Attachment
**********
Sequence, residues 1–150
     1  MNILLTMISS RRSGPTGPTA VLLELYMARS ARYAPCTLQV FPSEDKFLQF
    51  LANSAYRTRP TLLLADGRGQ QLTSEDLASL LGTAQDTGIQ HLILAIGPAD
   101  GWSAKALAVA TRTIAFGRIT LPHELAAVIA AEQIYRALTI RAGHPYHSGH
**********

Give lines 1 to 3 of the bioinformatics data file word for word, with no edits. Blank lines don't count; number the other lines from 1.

Sequence, residues 1–150
     1  MNILLTMISS RRSGPTGPTA VLLELYMARS ARYAPCTLQV FPSEDKFLQF
    51  LANSAYRTRP TLLLADGRGQ QLTSEDLASL LGTAQDTGIQ HLILAIGPAD